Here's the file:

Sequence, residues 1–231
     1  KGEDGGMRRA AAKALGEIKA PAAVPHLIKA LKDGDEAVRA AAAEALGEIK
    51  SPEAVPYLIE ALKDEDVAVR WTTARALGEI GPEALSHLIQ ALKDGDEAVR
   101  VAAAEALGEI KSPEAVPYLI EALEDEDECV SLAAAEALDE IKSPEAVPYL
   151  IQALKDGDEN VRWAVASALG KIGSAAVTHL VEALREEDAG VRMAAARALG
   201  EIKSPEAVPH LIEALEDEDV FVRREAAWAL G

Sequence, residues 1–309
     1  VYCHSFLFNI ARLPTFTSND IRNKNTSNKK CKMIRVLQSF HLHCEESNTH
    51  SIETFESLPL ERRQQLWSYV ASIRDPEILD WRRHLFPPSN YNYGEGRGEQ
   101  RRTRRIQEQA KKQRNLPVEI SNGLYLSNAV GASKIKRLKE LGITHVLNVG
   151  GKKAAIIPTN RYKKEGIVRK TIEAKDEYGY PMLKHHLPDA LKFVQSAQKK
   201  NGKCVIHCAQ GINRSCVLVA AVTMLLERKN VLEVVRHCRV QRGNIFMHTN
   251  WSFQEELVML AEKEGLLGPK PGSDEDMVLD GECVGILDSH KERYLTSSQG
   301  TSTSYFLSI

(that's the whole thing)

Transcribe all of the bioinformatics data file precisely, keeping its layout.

Sequence, residues 1–231
     1  KGEDGGMRRA AAKALGEIKA PAAVPHLIKA LKDGDEAVRA AAAEALGEIK
    51  SPEAVPYLIE ALKDEDVAVR WTTARALGEI GPEALSHLIQ ALKDGDEAVR
   101  VAAAEALGEI KSPEAVPYLI EALEDEDECV SLAAAEALDE IKSPEAVPYL
   151  IQALKDGDEN VRWAVASALG KIGSAAVTHL VEALREEDAG VRMAAARALG
   201  EIKSPEAVPH LIEALEDEDV FVRREAAWAL G

Sequence, residues 1–309
     1  VYCHSFLFNI ARLPTFTSND IRNKNTSNKK CKMIRVLQSF HLHCEESNTH
    51  SIETFESLPL ERRQQLWSYV ASIRDPEILD WRRHLFPPSN YNYGEGRGEQ
   101  RRTRRIQEQA KKQRNLPVEI SNGLYLSNAV GASKIKRLKE LGITHVLNVG
   151  GKKAAIIPTN RYKKEGIVRK TIEAKDEYGY PMLKHHLPDA LKFVQSAQKK
   201  NGKCVIHCAQ GINRSCVLVA AVTMLLERKN VLEVVRHCRV QRGNIFMHTN
   251  WSFQEELVML AEKEGLLGPK PGSDEDMVLD GECVGILDSH KERYLTSSQG
   301  TSTSYFLSI